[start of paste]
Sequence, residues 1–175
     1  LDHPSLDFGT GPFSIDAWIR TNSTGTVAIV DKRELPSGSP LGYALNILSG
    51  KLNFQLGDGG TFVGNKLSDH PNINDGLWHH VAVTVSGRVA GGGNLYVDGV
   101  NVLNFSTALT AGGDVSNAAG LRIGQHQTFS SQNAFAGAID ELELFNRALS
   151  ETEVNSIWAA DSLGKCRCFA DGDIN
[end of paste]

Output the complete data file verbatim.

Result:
Sequence, residues 1–175
     1  LDHPSLDFGT GPFSIDAWIR TNSTGTVAIV DKRELPSGSP LGYALNILSG
    51  KLNFQLGDGG TFVGNKLSDH PNINDGLWHH VAVTVSGRVA GGGNLYVDGV
   101  NVLNFSTALT AGGDVSNAAG LRIGQHQTFS SQNAFAGAID ELELFNRALS
   151  ETEVNSIWAA DSLGKCRCFA DGDIN